Posts Tagged ‘ maritime births marriages and deaths ’
Did you know that six traditional sailor superstitions were ignored on the Titanic’s maiden voyage to New York? Take a look at the evidence we’ve uncovered in our collection of Titanic records. Prepare yourself, some of the superstitions may seem a bit silly…
Sailor superstition #1: Women on board a ship make the sea angry
The header pages from the ship’s passenger list reveal that there were 353 female passengers travelling on the Titanic. The passenger list records the people who boarded at Southampton and Queenstown, but the list of those who boarded at Cherbourg does not survive.
Sailor superstition #2: It’s unlucky to have a priest on board
A list of the passengers and crew who were supposed drowned can be found in our maritime death records. These record the occupation of each victim, revealing that four of the Titanic’s passengers were Ministers of Religion.
Sailor superstition #3: Cutting your hair at sea is bad luck
The list of those who perished in the disaster also shows that there were three Barbers travelling on the Titanic. Two of these were crew members who would have practised their trade on the ship.
Sailor superstition #4: A dog seen near fishing tackle is bad luck
We’ve uncovered this article in The British Newspaper Archive which states that there were dogs (and a pig!) on board the Titanic:
Sailor superstition #5: People with red hair bring bad luck to a ship
You can find many of the Titanic’s surviving crew members listed in our Merchant Navy seamen records. You’ll often find a physical description or a photograph included, as is the case with John Alexander Podesta. Podesta worked as a Fireman on the Titanic and his Merchant Navy index card describes his hair colour as being ‘auburn’.
Sailor superstition #6: Flowers are unlucky on board a ship
Another of the Titanic’s Firemen, Charles Rice, also survived and appears in the Merchant Navy records. He was recorded as having a tattoo on his right forearm depicting a basket of flowers.
Do you think there’s any truth behind superstitions like these? Is there anything you do or avoid doing to bring you luck?
Today marks the launch of two fascinating sets of records, which include information about the Titanic: Maritime births, marriages and deaths and White Star Line Officers’ books. We’re thrilled to offer you the most comprehensive collection of Titanic records anywhere online.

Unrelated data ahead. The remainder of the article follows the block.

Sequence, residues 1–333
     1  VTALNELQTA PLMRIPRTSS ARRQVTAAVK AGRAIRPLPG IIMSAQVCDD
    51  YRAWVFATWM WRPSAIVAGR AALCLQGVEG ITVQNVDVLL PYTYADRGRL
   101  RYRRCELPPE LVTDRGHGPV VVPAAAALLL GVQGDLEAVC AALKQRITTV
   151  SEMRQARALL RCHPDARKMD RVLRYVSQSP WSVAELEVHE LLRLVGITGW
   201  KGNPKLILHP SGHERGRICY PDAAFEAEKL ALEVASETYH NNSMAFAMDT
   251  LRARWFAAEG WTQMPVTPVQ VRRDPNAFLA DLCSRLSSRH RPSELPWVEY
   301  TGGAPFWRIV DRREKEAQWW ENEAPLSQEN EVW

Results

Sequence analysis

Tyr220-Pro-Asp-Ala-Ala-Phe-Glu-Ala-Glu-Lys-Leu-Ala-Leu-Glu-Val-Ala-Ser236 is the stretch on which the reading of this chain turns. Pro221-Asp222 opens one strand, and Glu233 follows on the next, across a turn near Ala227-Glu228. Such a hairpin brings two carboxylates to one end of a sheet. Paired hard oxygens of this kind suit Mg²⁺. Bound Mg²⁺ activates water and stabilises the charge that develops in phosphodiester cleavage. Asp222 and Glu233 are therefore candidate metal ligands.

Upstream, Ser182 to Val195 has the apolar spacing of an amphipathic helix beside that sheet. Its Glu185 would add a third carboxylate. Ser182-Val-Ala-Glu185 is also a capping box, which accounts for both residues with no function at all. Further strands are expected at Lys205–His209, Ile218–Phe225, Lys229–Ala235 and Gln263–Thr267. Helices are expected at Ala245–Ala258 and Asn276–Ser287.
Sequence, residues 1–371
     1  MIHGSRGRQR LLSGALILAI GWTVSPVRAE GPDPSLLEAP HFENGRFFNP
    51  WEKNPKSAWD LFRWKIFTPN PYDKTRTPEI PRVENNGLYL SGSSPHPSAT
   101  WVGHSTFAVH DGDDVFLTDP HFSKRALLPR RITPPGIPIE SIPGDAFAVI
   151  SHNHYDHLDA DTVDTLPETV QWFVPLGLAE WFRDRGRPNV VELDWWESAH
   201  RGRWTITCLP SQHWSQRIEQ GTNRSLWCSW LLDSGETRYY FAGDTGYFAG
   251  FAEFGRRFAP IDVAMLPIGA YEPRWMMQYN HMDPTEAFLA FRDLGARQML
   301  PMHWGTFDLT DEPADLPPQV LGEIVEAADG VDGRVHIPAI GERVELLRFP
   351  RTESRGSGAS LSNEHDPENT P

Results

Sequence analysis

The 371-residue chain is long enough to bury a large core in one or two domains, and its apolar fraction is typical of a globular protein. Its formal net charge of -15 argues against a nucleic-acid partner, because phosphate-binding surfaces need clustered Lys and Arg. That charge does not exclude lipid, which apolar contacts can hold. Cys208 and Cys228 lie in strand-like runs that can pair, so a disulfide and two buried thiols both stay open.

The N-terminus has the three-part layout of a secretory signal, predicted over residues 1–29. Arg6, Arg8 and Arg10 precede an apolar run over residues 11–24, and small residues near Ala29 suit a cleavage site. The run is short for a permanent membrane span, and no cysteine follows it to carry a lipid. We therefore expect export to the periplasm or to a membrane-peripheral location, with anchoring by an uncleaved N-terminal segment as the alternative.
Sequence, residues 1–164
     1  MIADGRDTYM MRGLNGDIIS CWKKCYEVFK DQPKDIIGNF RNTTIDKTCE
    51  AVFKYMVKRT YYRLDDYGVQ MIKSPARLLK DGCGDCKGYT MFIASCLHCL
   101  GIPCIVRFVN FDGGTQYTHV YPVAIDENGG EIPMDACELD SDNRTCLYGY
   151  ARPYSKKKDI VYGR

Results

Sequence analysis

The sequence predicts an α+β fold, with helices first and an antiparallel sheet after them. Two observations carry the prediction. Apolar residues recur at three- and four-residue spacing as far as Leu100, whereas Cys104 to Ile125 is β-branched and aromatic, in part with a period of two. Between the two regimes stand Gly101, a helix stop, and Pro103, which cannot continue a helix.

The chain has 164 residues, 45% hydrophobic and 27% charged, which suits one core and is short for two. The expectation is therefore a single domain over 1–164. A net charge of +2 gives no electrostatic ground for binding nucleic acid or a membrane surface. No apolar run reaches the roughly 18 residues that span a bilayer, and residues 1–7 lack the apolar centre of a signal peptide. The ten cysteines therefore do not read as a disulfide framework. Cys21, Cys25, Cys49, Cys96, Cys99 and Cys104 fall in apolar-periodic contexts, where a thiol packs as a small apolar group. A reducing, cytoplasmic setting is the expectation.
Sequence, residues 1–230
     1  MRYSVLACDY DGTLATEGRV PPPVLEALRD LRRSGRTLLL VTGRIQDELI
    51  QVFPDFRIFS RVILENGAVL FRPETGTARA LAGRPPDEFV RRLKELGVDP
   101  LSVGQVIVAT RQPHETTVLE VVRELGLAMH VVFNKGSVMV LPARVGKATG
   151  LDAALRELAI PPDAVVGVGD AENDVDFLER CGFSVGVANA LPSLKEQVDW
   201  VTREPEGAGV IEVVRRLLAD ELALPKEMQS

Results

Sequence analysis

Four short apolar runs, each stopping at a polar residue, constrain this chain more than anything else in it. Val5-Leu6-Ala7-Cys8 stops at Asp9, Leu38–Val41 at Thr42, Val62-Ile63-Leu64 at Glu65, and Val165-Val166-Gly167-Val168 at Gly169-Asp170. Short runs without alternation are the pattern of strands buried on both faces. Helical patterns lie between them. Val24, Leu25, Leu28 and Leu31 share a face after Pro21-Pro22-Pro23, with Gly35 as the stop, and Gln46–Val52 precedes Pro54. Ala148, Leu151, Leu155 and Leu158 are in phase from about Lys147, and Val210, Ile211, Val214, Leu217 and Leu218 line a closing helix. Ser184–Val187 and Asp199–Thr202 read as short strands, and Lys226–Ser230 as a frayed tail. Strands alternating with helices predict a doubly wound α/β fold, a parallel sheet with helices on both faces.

Maritime births, marriages and deaths
Search for your ancestors in vivid full colour scans of the original birth, marriage and death records of those associated with maritime occupations, not just ones which took place at sea. These include all Titanic crew members and all Titanic passengers who died at sea.
Until now there has never been a mandatory single centralised register of births, marriages and deaths at sea. Some records were deposited with the General Register Office, some with The National Archives and others elsewhere. Our online collection is published in association with The National Archives and brings together 30 different record types from 10 different record series held at The National Archives.
White Star Line Officers’ books
View full colour scans of the original service records of White Star Line officers and commanders, including all the officers on board the Titanic.
The records include an original colour scan of Captain Edward Smith‘s employment record listing all the ships he served on and when. You can see the red ink on his record which tells us he was ‘Lost in “Titanic” April 15th, 1912′. View Edward’s record below – click on the image to enlarge it.
The information for each officer includes: date and place of birth, address, details of his apprenticeship, the names and dates of the ships served upon and the date he left the company.
Search other Titanic records on findmypast.co.uk
As well as these two brilliant sets of records, you can also search for your Titanic ancestors in our passenger lists leaving the UK 1890-1960 and our Merchant Navy Seamen records. You won’t find a more comprehensive set of Titanic records anywhere else.